Oldest-Known Aquatic Reptiles Might Have Spent Some Time on Land
The study of fossils of Older Mesosaurs reflects that the adult reptiles didn’t spend most of their time in the sea.
The reptiles who secondarily adapt to an aquatic or semi-aquatic life in a marine environment are called Aquatic Reptiles. A lot of reptiles adapted to the sea-life during the Mesozoic era including Mesosaurs, the oldest aquatic reptile known to humanity. Recently, a study was published in ‘Frontiers in Ecology and Evolution’ which suggested that this reptile might have spent some time on land, as well.
The researchers performed a detailed examination of Mesosaurs fossils and found that bones from adults share significant similarities with the land-dwelling animals. In addition to that, the relative scarcity of land-weathered fossils of large specimens supported the idea that older Mesosaurs were semi-aquatic. However, the researching team did acknowledge that the juveniles spent most of their time in the water. Professor Graciela Piñeiro, the Lead Author of this study who works at the Facultad de Ciencias, Universidad de la República, talked about this in the following words:
“Despite being considered the oldest-known fully aquatic reptile, mesosaurs share several anatomical features with terrestrial species. Our comprehensive analysis of the vertebrae and limbs of these ancient reptiles suggests they lived in the water during the earliest stages of their development, whereas mature adults spent more time on land.”
This research carries a lot of significance as it showed the world that thorough analysis of fossilized remains from all stages of a reptile’s life is necessary to completely understand the behavior and lifestyle of the creature. The discovery of unusually large bones of Mesosaurs in the Mangrullo Formation of Uruguay urged the international team of researchers to figure out the theory behind this finding. The general length of discovered skeletons was around 90 centimeters but they found some large specimens which were about 2 meters in length. They wanted to know why these mature adults were not in abundance and this curiosity led them to an amazing discovery. Piñeiro referred to that and said,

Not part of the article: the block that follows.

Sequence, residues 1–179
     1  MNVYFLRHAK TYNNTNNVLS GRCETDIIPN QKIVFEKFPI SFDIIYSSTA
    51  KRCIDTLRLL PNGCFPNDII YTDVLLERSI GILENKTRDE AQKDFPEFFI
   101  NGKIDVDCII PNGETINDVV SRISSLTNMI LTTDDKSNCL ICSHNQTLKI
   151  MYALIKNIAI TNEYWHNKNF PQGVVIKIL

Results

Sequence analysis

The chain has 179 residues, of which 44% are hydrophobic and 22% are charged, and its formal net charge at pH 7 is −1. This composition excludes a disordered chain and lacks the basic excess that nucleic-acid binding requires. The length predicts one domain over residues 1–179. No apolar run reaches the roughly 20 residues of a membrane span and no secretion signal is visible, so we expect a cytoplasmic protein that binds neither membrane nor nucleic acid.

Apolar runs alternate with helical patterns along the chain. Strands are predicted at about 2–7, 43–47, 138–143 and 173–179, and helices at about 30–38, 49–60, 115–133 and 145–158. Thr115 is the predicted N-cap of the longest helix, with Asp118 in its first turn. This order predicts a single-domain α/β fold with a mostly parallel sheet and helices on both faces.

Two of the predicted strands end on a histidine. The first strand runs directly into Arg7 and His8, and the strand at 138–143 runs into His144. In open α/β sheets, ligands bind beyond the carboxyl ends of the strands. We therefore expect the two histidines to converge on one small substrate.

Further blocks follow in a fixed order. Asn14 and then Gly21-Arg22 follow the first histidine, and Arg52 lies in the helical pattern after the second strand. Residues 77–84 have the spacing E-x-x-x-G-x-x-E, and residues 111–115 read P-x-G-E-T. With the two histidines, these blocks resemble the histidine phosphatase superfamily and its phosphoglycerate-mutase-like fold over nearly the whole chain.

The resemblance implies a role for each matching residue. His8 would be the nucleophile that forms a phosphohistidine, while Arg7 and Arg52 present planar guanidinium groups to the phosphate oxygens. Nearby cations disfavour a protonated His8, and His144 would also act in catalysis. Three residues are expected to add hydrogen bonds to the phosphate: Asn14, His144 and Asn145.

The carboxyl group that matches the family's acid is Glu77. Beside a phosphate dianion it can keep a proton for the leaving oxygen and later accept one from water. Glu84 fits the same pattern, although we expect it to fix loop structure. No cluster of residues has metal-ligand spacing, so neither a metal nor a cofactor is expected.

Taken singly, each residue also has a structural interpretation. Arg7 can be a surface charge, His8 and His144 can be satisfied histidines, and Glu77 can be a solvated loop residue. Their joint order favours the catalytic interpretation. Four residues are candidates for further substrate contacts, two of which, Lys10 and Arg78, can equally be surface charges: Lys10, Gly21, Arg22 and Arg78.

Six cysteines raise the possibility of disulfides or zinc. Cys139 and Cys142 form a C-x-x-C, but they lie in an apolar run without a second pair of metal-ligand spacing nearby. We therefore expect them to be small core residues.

“The larger specimens, at least twice the length of the more commonly reported Mesosaurus fossils, could just be exceptionally big individuals. However, the environmental conditions of the Mangrullo lagoon of where they lived were harsh, making it difficult for the occasional mesosaur to reach such a relatively large size and age. We then realized that in comparison to the smaller, better-preserved specimens, larger Mesosaurus fossils were almost always disarticulated, very weathered and badly preserved. This suggested these larger specimens had extended exposure to the air when they died.”
Different life stages of this ancient reptile were catered in this research to ensure all aspects are covered, thoroughly. The researchers tried to look for signs of terrestrial existence during the reconstruction and analysis of Mesosaurs skeletons. The skeletal structure is extremely important in determining the habitat of the animal because there is a marked difference in bone profiles of terrestrial, semi-aquatic, and aquatic creatures.
Consequently, the team of Piñeiro took help from morphometrics to examine the shape of the fossilized bones. A total of 40 Mesosaurs specimens were selected for examination, ranging from juveniles to adults, and all of them were compared to similar aquatic or semi-aquatic reptiles. Pablo Núñez, a member of the team at Universidad de la República, explained the results by saying,
“The adult mesosaur tarsus (a cluster of bones in the ankle region) suggests a more terrestrial or amphibious locomotion rather than a fully aquatic behavior as widely suggested before. Their caudal vertebrae, the tail bones, also showed similarities to semi-aquatic and terrestrial animals. This supports the hypothesis that the oldest and largest mesosaurs spent more time on land, where fossil preservation is not as good as in the subaquatic domain.”
According to Piñeiro, this research is of immense importance not only for the future research but also for understanding the reptile evolution. She mentioned that their work highlights that we must work with an entire population of a species before establishing any paleobiological interpretations of their behavior. She also talked about the implications of this research on the species that are closely related to the Mesosaurs. In particular, she talked about the evolution of the amniotic egg and said,
“For instance, thanks to our previous discovery of a mesosaur egg and embryos inside the mother’s body, our new findings can give support to earlier hypotheses suggesting that the amniotic egg might have appeared in aquatic or semiaquatic animals as a strategy to leave the water to avoid predation.”